Design of a nonlinear quasi-integrable lattice for resonance suppression at the University of Maryland Electron Ring

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Ruisard, Kiersten
Koeth, Timothy
Thomas, Antonsen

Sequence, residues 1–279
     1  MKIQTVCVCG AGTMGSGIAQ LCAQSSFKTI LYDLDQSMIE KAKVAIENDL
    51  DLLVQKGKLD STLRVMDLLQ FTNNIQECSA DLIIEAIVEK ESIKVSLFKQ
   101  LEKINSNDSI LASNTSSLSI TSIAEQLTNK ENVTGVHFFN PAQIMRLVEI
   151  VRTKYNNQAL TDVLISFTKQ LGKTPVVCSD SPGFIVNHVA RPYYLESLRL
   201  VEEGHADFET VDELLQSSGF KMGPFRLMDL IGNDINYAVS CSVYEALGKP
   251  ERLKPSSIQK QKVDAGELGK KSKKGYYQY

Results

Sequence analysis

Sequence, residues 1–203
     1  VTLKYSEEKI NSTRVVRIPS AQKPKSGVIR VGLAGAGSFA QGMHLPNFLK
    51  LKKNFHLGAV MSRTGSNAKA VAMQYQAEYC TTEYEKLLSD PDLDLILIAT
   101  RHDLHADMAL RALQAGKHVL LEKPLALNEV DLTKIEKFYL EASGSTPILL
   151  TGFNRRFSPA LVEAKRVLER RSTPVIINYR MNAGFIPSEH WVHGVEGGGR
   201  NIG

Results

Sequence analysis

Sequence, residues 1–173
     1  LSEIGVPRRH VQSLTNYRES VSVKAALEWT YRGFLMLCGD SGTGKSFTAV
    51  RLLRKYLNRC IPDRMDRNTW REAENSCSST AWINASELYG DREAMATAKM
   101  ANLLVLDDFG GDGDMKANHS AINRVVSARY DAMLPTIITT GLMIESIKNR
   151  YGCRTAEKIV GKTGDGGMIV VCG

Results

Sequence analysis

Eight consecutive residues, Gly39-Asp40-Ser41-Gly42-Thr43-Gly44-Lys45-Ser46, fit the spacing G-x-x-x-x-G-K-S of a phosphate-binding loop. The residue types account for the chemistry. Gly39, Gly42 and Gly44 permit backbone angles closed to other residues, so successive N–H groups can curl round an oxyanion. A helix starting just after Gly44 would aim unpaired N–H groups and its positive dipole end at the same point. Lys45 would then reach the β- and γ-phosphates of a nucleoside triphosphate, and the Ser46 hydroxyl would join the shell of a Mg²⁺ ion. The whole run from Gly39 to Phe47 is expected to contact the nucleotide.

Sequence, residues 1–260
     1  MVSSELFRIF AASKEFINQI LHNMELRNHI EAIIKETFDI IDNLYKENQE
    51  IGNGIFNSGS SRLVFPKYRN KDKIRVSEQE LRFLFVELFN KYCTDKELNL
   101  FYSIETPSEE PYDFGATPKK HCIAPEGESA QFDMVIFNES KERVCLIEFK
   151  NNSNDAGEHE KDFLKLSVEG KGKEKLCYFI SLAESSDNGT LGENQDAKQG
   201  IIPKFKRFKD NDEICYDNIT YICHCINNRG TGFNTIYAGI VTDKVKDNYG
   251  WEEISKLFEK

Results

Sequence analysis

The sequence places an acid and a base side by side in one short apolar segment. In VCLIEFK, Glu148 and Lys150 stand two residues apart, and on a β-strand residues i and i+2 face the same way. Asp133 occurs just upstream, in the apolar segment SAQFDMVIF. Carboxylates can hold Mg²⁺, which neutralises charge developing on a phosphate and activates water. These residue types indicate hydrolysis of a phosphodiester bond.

Conventional particle accelerators use linear focusing forces for transverse confinement. As a consequence of linearity, accelerating rings are sensitive to myriad resonances and instabilities. At high beam intensity, uncontrolled resonance-driven losses can deteriorate beam quality and cause damage or radio-activation in beam line components and surrounding areas. This is currently a major limitation of achievable current densities in state-of-the-art accelerators. Incorporating nonlinear focusing forces into machine design should provide immunity to resonances through nonlinear detuning of particle orbits from driving terms. A theory of nonlinear integrable beam optics is currently being investigated for use in accelerator rings. Such a system has potential to overcome the limits on achievable beam intensity. This dissertation presents a plan for implementing a proof-of-principle quasi-integrable octupole lattice at the University of Maryland Electron Ring (UMER). UMER is an accelerator platform that supports the study of high-intensity beam dynamics. In this dissertation, two designs are presented that differ in both complexity and strength of predicted effects. A configuration with a single, relatively long octupole magnet is expected to be more stabilizing than an arrangement of many short, distributed octupoles. Preparation for this experiment required the development and characterization of a low-intensity regime previously not operated at UMER. Additionally, required tolerances for the control of first and second order beam moments in the proposed experiments have been determined on the basis of simulated beam dynamics. In order to achieve these tolerances, a new method for improved orbit correction is developed. Finally, a study of resonance-driven losses in the linear UMER lattice is discussed.